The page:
Commentary

The Danger of Economic Nationalism

In his closing remarks at the Third Strategic Economic Dialogue (SED) in Beijing in December 2007, U.S. Treasury Secretary Henry Paulson stated that both China and the United States “recognize the need to fight economic nationalism in our two nations.” Yet, it is much easier for Congress to politicize U.S.-China trade than to be patient and engage in the SED initiated by Secretary Paulson. It is also much easier to use China as a scapegoat than to make the hard political decisions at home necessary to reduce the U.S. budget deficit-not by increasing taxes but by cutting spending. Implementing tax and regulatory reforms that increase the incentive to save would also be positive steps toward improving the U.S. saving rate and narrowing the U.S. global current account deficit.

Of course, if secure private property rights and low marginal tax rates attract foreign investors to the United States, and U.S. productivity is strong, then the United States can run healthy current account deficits. But if foreign investors are holding large amounts of U.S. government debt, and that debt is financing current consumption rather than productive investment, U.S. current account deficits will not be so healthy. Yes, voluntary exchanges in both the market for goods and in the market for government securities will yield net benefits for current consumers and investors, but only at the expense of future taxpayers who will receive no net benefits.

Unlike special interest groups that are harmed by trade, no one represents future generations who will have a lower standard of living because of present government profligacy. And when problems arise, it is easier for Congress to shift blame to the Chinese who do not vote in U.S. elections, rather than accept full responsibility for government failure. Doing so, however, fans the flames of economic nationalism. The Chinese see U.S. efforts to politicize trade as a threat to future economic growth and to China’s aspiration to be a normal rising power, while many in Congress see China’s rise as a threat to U.S. economic and national security.

Although China has allowed the yuan to appreciate against the dollar by 20 percent since July 2005, Congress has done little to cut the growth of the federal government and increase the savings rate. Paulson correctly notes, “The yuan exchange rate has become a touchstone for broader anxieties about competition from China. As globalization advances and economies become more tightly integrated, worries about the effects of foreign competition have fueled economic nationalism and protectionist sentiments.” The truth is that neither China nor the United States “can protect its way to prosperity.”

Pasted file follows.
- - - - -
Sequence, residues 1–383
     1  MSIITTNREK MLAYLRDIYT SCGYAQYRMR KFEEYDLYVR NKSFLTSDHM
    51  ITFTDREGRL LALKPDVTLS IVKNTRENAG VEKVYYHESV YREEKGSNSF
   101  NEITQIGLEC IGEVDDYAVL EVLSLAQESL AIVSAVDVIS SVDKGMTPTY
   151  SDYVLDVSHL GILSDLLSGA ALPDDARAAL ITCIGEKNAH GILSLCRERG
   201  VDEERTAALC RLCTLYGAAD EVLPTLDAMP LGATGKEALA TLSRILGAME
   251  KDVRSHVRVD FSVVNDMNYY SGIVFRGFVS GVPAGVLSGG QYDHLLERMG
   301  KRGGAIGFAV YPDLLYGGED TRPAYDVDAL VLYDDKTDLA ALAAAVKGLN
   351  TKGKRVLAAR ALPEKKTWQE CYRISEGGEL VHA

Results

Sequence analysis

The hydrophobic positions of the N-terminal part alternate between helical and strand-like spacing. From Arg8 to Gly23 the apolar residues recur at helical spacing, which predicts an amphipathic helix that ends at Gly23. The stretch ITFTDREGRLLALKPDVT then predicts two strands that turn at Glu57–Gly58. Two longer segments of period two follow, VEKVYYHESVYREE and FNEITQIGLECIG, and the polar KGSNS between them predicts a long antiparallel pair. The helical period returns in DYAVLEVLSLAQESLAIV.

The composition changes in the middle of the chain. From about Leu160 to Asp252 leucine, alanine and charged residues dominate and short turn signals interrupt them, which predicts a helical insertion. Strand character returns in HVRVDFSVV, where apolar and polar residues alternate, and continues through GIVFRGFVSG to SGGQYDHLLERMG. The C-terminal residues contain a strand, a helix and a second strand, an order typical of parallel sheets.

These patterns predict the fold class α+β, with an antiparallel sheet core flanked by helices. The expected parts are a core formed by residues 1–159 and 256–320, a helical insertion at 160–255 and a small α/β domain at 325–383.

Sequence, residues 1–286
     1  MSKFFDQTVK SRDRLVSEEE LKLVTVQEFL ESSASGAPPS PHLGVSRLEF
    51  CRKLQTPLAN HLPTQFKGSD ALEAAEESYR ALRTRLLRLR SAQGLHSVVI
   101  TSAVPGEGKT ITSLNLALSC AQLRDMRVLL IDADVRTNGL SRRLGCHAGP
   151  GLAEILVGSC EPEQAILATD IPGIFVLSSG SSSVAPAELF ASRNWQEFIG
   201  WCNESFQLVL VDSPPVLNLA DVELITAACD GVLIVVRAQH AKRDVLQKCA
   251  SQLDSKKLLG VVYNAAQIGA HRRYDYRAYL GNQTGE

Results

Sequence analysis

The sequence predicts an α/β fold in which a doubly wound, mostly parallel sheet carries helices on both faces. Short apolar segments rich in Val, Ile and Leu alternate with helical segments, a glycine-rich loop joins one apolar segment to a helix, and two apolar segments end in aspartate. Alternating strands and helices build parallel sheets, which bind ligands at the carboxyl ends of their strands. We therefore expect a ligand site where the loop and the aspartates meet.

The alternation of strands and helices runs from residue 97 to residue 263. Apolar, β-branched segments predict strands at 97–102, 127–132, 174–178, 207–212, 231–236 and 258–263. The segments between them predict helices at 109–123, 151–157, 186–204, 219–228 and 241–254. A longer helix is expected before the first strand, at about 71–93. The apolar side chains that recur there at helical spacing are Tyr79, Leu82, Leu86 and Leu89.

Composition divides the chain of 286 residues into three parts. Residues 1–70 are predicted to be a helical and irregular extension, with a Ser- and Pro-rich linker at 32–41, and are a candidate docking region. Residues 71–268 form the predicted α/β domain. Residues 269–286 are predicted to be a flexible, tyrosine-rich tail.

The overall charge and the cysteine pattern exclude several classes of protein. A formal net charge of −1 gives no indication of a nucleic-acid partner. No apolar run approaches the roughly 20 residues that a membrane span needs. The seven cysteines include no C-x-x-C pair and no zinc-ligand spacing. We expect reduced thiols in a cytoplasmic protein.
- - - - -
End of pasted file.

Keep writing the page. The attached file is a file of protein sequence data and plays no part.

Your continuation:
The policy of engagement has worked well to bring about mutually beneficial gains from trade with China. Upon joining the WTO in December 2001, China made major concessions to demands for safeguarding special interests in the United States and Europe. Even before joining the WTO, China had made significant progress in reducing tariff and non-tariff barriers. That progress should not be minimized. The United States should practice what it preaches by adhering to market-liberal principles. Keeping our markets open sends an important signal to the rest of the world, and getting our fiscal house in order-by trimming the size of government and by real tax reform-would show we mean business.

The truth is that neither China nor the United States ‘can protect its way to prosperity.’”

China, meanwhile, would do well to adopt the “small government, big market” model of development. With better protection of private property rights and with deeper, broader markets, China would move closer toward a normal balance of payments and be a net importer of capital. The United States should focus on the institutional changes in China, rather than the narrowly conceived policy of pushing the country to accelerate the appreciation of the yuan.

Congress must recognize that major institutional changes are still needed in China and that external pressure alone would not change China. Ultimately, the Chinese people will have to determine the kinds of institutions they want. One should not underestimate the power of economic freedom in bringing about political reforms that would move China in the direction of a more liberal society. As per-capita incomes have risen, China’s growing middle class has demanded stronger safeguards for private property, and, in response, the National People’s Congress has amended the Constitution and enacted a new civil code to recognize private property rights and to provide legal safeguards.

Chinese President Hu Jintao’s “big idea” is to create a “harmonious and prosperous society” via “peaceful development.” The United States should welcome that idea and treat China as a normal rising power, not as a probable adversary.

James A. Dorn is a China specialist at the Cato Institute and coeditor of China’s Future: Constructive Partner or Emerging Threat?